Multimedia Studies

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Multimedia Studies is an interdisciplinary field of academic discourse focused on the understanding of technologies and cultural dimensions of linking traditional media sources with ones based on new media to support social systems.


Multimedia Studies as a discipline came out of the need for media studies to be made relevant to the new world of CD-ROMs and hypertext in the 1990s. Revolutionary books like Jakob Nielsen's 'Hypertext and Hypermedia' book lay the foundations for understanding multimedia alongside traditional cognitive science and interface design issues.[1] Software like Authorware Attain, now owned by Adobe, made the design of multimedia systems accessible to those unskilled in programming and became major applications by the end of the 1990s[2]

Recent Challenges[edit]

The Internet age that has been growing since the launch of Windows 98 has brought new challenges for the discipline including developing new models and rules for the World Wide Web. Areas such as usability have had to develop specific guidelines for Website design[3] and traditional concepts like genre, narrative theory, and stereotypes have had to be updated to take account of Cyberculture.[4][5] Cultural aspects of Multimedia Studies have been conceptualised by authors such as Lev Manovich,[6][7] Arturo Escobar and Fred Forest.[8]

The increase in Internet trolling and so-called Internet addiction has thrown up new problems. Concepts like emotional design [9] and affective computing [10] are driving Multimedia Studies research to consider ways of becoming more seductive and able to take account of the different needs of users.

Media Studies 2.0[edit]

Some academics, such as David Gauntlett, have preferred the neologism, 'Media Studies 2.0' to Multimedia Studies, in order to give it the feel of other fields like Web 2.0 and Classroom 2.0.[11][12][13][14][15] The Media Studies 2.0 neologism has received strong criticism. Andy Medhurst at Sussex University for instance wrote of the Media Studies 2.0 neologism introduced by David Gauntlett, 'Isn't it odd that whenever someone purportedly identifies a new paradigm, they see themselves as already a leading practitioner of it?'

Issues and Concepts[edit]

  1. Media ecology and Information ecology
  2. Cybercultures and New Media
  3. Online Communities and Virtual Communities
  4. Internet trolling and Internet addiction
  5. Captology

Universities offering degrees in Multimedia Studies[edit]

Further reading[edit]

  • Andy Bull (2010). Multimedia Journalism: A Practical Guide. ISBN 0415478235
  • Nigel Chapman and Jenny Chapman (2009). Digital Multimedia. ISBN 0470512164
  • Daniel Cunliffe and Geoff Elliot (2003). Multimedia Computing. ISBN 1903337186
  • James Lengel (2001). The Web Wizard's Guide to Multimedia on the Web. ISBN 0201745615
  • Celia T. Romm and Kristina Setzekorn (2008). Social Networking Communities and e-Dating Services: Concepts and Implications. ISBN 160566104X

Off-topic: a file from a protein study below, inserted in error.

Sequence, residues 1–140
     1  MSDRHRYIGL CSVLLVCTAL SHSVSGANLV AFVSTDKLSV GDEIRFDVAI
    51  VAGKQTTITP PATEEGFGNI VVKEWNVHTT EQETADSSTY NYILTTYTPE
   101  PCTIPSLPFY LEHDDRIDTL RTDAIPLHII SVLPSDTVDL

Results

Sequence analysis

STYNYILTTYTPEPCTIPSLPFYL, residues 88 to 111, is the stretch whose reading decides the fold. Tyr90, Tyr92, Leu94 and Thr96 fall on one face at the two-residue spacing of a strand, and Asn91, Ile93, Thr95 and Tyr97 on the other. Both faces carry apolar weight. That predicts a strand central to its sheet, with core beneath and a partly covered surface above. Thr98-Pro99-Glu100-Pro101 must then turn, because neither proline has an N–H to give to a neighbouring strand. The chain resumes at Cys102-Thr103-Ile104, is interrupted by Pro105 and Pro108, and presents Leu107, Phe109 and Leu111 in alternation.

1. ^ Nielsen, J. (1990). Hypertext and Hypermedia. Saunders College Publishing/Harcourt Brace. ISBN 0125184107
  2. ^ Schifman, R.S. (1999). The Ultimate Authorware Tutorial. Springer-Verlag. ISBN 3540641238
  3. ^ Nielsen, J. & Tahir, M. (2001). Homepage Usability: 50 Websites Deconstructed. ISBN 073571102X
  4. ^ Herring, S.C., Scheidt, L.A. ; Bonus, S. ; Wright, E. (2004). Bridging the gap: a genre analysis of Weblogs. In: Proceedings of the 37th Annual Hawaii International Conference on System Sciences, 2004.
  5. ^ Robinson, K.M. (2001). Unsolicited Narratives from the Internet: A Rich Source of Qualitative Data. Qual Health Res 11 (5), 706-714
  6. ^ Manovich, Lev (2003). "New Media from Borges to HTML" (PDF). In Noah Wardrip-Fruin, Nick Montfort. The New Media Reader (PDF)|format= requires |url= (help). MIT Press. pp. 13–25. Archived from the original (PDF) on 10 December 2006. Retrieved 6 May 2007.
  7. ^ Manovich, Lev (2001). The Language of a New Media. MIT Press. ISBN 0-262-63255-1.
  8. ^ Forest, Fred. "Pour un art actuel, l'art à l'heure d'Internet".
  9. ^ Norman, D.A. (2005). Emotional Design: Why We Love (or Hate) Everyday Things. Basic Books.
  10. ^ Picard, R. (2000). Affective Computing. MIT Press. ISBN 0262661152
  11. ^ British Film Institute, Media Studies Conference 2007 Archived 2007-11-07 at the Wayback Machine., 4–6 July 2007
  12. ^ Transforming Audiences International Conference, 6–7 September 2007
  13. ^ Andy Ruddock (2008), 'Media Studies 2.0? Binge Drinking and Why Audiences Still Matter', Sociology Compass, Volume 2 Issue 1 Page 1-15, January 2008.
  14. ^ 'Towards a Brave New World? The Media Studies 2.0 Debate' Archived 2011-10-03 at the Wayback Machine., presentation by Geoff Lealand, University of Waikato, at AMES conference, May 2007
  15. ^ Blog/forum about Media Studies 2.0 by William Merrin

External links[edit]